By: Paige Eaton
Consider two systems; both of which produce the same outcome and cost virtually the same; however, one costs more in the long run and not because of its functionality. How can that be? Many owners don’t think about the long-term cost-benefit of a new facility’s components during the design/construction phases or when replacing an outdated system, yet there may be hidden benefits that can provide significant returns if chosen thoughtfully.
Cost segregation studies, for example, are utilized to reclassify building component from real property to land improvements or personal property, thereby shortening their depreciable lives. Cash flow is generated through a cost segregation study AFTER construction or acquisition has taken place, but there are simple decisions that guarantee an increase in cash flow BEFORE construction begins.
Consider the following examples: make-up air units (50% personal property, 50% real property) vs air intake louvers (personal property), infrared heaters (personal property) vs unit heaters (real property), free-standing car wash building (land improvement property) vs attached car wash building (real property) and one that may not even be thought about is a glazed curtain wall installed with an aluminum frame (real property) vs frameless aluminum channel (personal property). These personal property components operate similar to their real property counterparts; however, they produce a much better cash flow.
The biggest shocker in the previously mentioned example that should be brought to light, is the frameless glazed curtain wall system installed within aluminum channels. The frameless wall system qualifies for accelerated depreciation with a 5-year life. This system was proven through the United States Court of Appeals, Tenth Circuit; King Radio Corporation, Inc. V. United States 486 F.2d 1091 (10th Cir. 1973) to be personal property due to its removability. As a bonus, because the system is easily removed, it can be reused if the facility revises its floor plan with little or no damage. The glazed panels are slid into aluminum “U” shaped channels that are fastened with screws at the ceiling and floor level. The alternate curtain wall system is fully framed and integrated into the ceiling and drywall systems which causes it to be a real property building component. The frameless glazed curtain system cost less than the more commonly used framed system, and as proven in a recent cost segregation study, generated an $18,000 cash flow increase from an $85,000 expense. A savings of over 20% on just a single component!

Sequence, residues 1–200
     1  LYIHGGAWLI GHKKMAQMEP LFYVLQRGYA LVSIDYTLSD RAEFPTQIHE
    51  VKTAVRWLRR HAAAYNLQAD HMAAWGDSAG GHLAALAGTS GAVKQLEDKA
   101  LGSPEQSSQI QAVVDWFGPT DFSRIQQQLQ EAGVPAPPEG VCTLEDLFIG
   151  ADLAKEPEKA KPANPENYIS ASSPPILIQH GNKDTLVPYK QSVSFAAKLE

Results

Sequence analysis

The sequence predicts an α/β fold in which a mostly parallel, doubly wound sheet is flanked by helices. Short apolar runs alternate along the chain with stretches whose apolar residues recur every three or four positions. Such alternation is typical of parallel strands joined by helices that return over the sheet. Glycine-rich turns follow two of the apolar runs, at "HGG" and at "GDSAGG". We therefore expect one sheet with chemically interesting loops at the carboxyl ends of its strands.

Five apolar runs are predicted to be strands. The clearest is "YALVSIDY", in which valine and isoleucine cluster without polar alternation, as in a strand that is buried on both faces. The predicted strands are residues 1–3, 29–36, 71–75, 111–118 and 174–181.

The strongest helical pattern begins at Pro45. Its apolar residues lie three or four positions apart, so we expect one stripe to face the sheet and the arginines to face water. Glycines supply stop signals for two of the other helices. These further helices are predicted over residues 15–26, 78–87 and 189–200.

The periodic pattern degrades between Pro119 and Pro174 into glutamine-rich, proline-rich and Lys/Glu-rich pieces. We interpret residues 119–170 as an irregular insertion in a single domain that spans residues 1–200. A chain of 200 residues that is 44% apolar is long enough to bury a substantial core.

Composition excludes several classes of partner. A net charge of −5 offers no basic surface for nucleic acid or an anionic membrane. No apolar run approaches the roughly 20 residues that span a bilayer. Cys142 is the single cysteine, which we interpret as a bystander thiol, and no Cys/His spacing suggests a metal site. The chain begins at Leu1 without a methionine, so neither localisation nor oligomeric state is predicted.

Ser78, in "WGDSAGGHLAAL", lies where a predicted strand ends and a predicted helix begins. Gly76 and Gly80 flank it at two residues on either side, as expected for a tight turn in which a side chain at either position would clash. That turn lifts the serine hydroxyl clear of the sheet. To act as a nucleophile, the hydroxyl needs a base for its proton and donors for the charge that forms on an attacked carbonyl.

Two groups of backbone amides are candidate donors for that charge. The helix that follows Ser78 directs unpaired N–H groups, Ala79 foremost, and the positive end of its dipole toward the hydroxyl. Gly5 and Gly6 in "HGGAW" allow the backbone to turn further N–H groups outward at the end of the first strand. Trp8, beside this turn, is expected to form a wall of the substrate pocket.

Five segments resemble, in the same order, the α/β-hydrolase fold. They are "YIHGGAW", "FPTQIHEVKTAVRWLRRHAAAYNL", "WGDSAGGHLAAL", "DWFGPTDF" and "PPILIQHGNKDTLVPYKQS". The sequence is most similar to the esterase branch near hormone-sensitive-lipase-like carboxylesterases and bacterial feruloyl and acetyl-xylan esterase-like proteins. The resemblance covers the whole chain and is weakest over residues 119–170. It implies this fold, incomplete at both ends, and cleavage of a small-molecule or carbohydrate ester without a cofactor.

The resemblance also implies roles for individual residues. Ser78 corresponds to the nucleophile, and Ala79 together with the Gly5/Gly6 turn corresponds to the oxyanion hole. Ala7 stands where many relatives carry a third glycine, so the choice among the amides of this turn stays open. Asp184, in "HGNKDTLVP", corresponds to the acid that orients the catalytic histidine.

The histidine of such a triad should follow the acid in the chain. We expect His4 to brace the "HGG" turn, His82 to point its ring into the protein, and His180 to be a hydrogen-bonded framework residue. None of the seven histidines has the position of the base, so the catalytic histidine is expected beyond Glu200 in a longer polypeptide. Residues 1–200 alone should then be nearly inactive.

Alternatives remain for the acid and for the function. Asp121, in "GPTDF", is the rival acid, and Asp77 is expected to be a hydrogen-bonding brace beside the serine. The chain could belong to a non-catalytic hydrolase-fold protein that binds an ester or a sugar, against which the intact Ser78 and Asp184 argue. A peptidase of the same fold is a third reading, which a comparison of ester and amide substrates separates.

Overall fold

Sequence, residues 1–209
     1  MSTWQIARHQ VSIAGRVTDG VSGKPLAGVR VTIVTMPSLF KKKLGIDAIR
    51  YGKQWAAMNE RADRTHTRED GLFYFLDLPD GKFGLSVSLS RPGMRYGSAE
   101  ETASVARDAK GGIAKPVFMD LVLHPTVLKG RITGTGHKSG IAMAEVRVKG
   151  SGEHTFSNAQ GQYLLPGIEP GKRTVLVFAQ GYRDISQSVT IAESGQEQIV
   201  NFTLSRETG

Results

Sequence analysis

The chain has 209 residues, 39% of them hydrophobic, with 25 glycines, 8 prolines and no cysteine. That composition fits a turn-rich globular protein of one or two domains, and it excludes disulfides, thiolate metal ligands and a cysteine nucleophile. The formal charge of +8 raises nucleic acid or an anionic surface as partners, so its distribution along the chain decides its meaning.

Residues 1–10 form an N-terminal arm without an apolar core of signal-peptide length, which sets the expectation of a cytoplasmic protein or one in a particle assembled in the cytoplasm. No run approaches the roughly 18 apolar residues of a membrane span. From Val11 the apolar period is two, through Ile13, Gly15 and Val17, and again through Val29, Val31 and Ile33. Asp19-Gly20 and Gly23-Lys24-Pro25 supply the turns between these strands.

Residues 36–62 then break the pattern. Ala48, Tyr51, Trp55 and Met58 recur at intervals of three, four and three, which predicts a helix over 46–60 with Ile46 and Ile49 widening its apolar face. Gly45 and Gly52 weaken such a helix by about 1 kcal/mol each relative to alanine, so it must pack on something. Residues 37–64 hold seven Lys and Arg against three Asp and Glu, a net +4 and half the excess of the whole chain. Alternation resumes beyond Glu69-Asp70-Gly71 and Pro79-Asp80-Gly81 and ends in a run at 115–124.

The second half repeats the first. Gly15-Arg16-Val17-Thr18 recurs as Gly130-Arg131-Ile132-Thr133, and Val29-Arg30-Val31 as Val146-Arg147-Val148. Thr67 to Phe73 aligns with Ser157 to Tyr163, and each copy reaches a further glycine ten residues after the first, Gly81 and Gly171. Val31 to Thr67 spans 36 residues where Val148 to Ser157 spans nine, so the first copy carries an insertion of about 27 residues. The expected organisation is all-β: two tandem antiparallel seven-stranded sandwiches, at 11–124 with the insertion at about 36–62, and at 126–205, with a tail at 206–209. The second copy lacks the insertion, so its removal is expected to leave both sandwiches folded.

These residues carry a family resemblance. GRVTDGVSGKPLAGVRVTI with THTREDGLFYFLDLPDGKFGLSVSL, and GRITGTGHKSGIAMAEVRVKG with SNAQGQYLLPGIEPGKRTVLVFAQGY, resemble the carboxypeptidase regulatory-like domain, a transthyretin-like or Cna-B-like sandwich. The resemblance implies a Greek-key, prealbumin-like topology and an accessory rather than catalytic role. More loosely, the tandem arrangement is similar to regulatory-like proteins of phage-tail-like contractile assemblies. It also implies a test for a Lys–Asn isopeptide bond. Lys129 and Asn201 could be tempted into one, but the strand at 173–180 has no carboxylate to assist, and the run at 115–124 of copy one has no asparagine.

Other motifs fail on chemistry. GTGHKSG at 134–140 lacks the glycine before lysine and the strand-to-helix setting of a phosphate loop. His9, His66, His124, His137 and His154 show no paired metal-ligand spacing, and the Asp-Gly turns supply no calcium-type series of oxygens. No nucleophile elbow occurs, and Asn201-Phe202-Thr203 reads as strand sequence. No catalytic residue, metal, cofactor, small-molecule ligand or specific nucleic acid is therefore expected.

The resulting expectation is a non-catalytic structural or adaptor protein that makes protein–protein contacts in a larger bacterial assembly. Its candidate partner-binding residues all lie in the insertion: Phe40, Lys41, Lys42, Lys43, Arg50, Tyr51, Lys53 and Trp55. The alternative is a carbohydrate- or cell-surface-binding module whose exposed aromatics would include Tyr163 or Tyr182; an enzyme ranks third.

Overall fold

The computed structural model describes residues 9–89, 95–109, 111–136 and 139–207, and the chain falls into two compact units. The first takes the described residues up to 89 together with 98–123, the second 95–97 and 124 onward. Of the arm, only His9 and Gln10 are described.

The takeaway from these examples is that pre-planning in the design phase can save substantial sums by reclassifying building components that can provide early tax deferrals and increase an owner’s cash flow.